The deadline for the home renovation tax credit has come and gone, causing a flurry of last minute shoppers trying to meet the Sunday night deadline.
The 15 per cent non-refundable tax credit applies to eligible expenses of more than $1,000 but less than $10,000. It can reduce your federal income tax by up to $1,350. All eligible supplies purchased between Jan. 27, 2009 and Feb. 1, 2010 qualifies, as does as any work completed by a contractor in that time.
Grant Noble has been a contractor for eight years. While he focuses on restoration work, Noble has noticed an increase in private work over the past few months, including a last minute job Sunday.
“I was doing a quote on a job today,” Noble said. “I had to pick some material up from Home Depot. It was packed.”
Home Depot spokesperson Tizziana Baccega said they have noticed a significant increase in sales over the past year that they attribute to the home renovation tax credit. A lot of people have been interested in completing the work themselves Baccega said.
“There’s been an increase in our workshop attendance; those that are really teaching people specific DIY projects.” Baccega said. “Obviously that’s another way to save, if you’re doing it yourself.”
James Bazely, president of the Ontario Home Builders Association thinks the tax credit was effective overall but wishes there were more restrictions on who benefited.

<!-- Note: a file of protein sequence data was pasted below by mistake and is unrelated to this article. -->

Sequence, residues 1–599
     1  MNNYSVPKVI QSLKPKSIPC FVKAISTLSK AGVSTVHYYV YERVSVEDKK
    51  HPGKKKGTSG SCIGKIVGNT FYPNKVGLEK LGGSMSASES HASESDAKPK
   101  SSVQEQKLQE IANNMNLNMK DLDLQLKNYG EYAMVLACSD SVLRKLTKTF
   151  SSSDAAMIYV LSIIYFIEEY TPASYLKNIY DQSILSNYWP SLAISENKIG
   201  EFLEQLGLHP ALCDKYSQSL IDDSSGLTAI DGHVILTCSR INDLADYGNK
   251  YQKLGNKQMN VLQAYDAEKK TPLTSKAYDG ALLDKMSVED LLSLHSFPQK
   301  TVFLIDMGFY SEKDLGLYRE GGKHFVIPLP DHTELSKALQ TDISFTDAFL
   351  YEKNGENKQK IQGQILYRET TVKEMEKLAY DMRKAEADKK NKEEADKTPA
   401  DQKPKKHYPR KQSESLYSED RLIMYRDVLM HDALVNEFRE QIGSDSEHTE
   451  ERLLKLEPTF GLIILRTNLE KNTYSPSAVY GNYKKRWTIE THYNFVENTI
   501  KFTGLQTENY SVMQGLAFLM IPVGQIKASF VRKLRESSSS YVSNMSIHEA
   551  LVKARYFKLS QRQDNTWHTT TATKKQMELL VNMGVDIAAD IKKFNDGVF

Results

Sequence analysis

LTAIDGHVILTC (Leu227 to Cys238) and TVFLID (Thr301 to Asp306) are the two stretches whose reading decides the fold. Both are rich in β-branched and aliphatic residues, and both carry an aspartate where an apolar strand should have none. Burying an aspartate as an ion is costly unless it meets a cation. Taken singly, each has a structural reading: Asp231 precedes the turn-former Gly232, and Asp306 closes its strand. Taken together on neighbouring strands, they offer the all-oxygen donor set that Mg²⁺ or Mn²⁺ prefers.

“It was supposed to stimulate employment,” Bazely said. “Unfortunately there was nothing stopping the underground economy from benefiting from it as well.”
In general, contractors think the tax credit worked but not until the last few months. Contractor George Webster experienced the last minute rush.
“I found that the people in the last month have wanted to jump on the bandwagon too late. The economy of the last year scared them too much,” he said. “I have signed some last minute jobs.”
Many would like to see the home renovation tax credit continued but Stephen Dupuis, president and CEO of the Building Industry and Land Development Association, thinks it has served its purpose.
“From a stimulus standpoint, it worked fast,” Dupuis said. “It did the job. The thing about stimulus is, it’s only stimulus if it doesn’t continue.”